School’s been out here for eleven days, excluding weekends. Not that I’m counting. You’d think the kid would be excited, but pretty much as soon as breakfast is over, I hear, “Mo-om, I don’t know what to do-oo.” Oh my goodness, why can’t we have year-round school here? Anyway, in order to stop that question before it gets asked again, I put together a list of fun summer activities to keep the kid busy. Feel free to steal my ideas!
Summer Reading Programs: I’m not a big believer in parent-driven summer homework, but my daughter loves to read, so I’ll totally support that. She’s already signed up for the summer reading program at our local library, which gives free books away as part of the program. And our library also offers non-reading programming like a visit from a local wildlife rehabilitation center, family movies, LEGO building events, and even a Harry Potter-themed craft and trivia event. Check out your local library to see what they have to offer! Barnes and Noble has a summer reading program where kids can earn a free book. And if you have teens, check out Sync, who’s offering free weekly audiobooks for them all summer long.
Have a Treasure Hunt: Hide a treasure around the house or in the yard. It can be a big treat (maybe a new movie for the family to enjoy) or something small (maybe new colored pencils or craft supplies, or an inflatable ball, or inexpensive squirt guns). Create a treasure map or a scavenger hunt for the kids to follow to find the goods.
Get Cooking: You may have read that one of the best ways to encourage your child to eat a variety of healthy foods is to get them involved in meal prep. You may also be completely sick of making their lunches after doing so all. school year. long. Summer is a great time to teach your child to prepare their own lunches. It’s also a great time to get them involved in meal preparation, including planning, making shopping lists, grocery shopping, and cooking. Don’t want to make a whole meal? Grab a cookbook (you can find a whole section of kid-friendly cookbooks at your local library) and try out whatever recipes strike their fancy. You can find some fun ones that match your kids’ interests (the original American Girl dolls each had their own cookbooks; there are kid-friendly cookbooks that explore ethnic cuisines; there’s a fun Star Wars cookbook—the Wookie Cookies are ah-mazing), or you can grab a basic cookbook and see what looks delicious.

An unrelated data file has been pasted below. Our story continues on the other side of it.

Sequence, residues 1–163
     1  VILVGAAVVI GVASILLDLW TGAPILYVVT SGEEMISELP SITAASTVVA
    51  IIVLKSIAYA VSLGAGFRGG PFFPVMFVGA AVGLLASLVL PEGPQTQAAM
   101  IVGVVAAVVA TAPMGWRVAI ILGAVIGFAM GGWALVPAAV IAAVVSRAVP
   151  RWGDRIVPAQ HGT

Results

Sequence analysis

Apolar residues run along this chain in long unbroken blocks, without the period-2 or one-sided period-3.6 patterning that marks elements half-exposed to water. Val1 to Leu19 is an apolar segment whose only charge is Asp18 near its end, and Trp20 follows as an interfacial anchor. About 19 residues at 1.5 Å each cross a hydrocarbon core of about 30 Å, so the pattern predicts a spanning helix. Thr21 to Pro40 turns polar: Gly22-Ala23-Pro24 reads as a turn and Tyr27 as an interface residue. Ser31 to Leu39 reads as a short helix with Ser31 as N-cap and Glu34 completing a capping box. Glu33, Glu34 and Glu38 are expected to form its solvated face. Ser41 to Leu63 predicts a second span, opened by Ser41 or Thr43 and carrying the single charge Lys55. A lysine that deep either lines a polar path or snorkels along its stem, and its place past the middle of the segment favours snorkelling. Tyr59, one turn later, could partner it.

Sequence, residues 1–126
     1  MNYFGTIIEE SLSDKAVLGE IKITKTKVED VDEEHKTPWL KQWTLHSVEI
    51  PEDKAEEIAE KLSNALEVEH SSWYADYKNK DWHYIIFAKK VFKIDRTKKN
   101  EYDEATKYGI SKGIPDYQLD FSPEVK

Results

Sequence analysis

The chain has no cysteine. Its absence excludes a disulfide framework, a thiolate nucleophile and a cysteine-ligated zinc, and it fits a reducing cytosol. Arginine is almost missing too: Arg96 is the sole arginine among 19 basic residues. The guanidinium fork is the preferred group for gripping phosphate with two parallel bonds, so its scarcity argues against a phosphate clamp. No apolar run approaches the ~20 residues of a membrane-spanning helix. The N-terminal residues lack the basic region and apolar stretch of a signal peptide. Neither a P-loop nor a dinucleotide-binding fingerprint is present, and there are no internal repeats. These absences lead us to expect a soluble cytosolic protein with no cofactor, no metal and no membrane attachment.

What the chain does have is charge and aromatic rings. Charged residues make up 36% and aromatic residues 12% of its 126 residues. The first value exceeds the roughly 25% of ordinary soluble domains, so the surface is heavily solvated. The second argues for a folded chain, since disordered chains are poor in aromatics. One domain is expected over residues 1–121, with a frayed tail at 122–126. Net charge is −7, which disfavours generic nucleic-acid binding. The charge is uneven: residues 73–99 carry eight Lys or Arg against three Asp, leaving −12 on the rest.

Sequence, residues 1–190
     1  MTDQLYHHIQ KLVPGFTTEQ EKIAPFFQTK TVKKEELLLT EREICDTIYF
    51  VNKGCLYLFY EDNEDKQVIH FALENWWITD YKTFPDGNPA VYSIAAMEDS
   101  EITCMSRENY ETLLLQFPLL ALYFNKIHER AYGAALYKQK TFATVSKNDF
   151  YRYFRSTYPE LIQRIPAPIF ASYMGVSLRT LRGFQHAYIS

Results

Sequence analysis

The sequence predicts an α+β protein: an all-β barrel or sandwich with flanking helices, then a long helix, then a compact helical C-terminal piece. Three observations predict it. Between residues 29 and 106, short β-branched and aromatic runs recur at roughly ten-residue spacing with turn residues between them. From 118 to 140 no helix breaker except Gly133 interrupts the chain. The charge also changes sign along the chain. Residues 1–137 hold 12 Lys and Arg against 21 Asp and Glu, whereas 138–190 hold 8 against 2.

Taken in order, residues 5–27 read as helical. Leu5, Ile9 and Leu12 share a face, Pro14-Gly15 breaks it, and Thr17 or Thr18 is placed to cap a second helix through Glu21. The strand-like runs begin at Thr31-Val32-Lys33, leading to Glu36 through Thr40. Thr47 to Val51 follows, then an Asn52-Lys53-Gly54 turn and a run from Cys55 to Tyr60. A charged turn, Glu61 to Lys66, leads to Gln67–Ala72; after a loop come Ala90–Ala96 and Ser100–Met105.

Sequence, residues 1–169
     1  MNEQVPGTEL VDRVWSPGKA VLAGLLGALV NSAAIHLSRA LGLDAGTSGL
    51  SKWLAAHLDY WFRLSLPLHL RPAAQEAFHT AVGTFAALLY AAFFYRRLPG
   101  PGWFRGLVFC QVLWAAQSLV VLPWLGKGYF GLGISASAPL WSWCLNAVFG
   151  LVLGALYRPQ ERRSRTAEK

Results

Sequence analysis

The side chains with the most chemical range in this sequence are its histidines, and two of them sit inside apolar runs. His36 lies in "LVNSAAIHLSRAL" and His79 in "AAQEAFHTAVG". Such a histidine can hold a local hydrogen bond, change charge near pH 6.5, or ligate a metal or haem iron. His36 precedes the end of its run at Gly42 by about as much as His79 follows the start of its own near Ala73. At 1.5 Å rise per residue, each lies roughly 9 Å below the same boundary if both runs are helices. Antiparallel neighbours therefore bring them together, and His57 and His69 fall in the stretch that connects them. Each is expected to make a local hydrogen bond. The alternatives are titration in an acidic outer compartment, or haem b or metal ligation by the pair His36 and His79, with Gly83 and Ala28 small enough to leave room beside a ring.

Facetime: Grab the iPad and Facetime (or Skype if, like mine, your parents haven’t hopped on the Apple train yet) with Grandma and Grandpa. Grandparents will love the time with the grandkids and you’ll love the break! And this is fun no matter how near or far away you are. You can also call other relatives or even friends your kids might not see as much over the summer—with their parents’ permission, of course!
Go Camping: Pitch a tent in the backyard. Whether you’ve just got a play tent, some sheets hung over a rope, or an actual camping tent, let the kids have backyard adventure. Combine it with a picnic lunch or do a campfire-style dinner and grill out—or do both and you’ve got an all-day activity! And one of my family’s favorite post-grill activities is to toast marshmallows after dinner using the still-hot coals. Mmmm…s’mores! If your tents are sturdy enough, you can even turn daytime playtime into an overnight campout.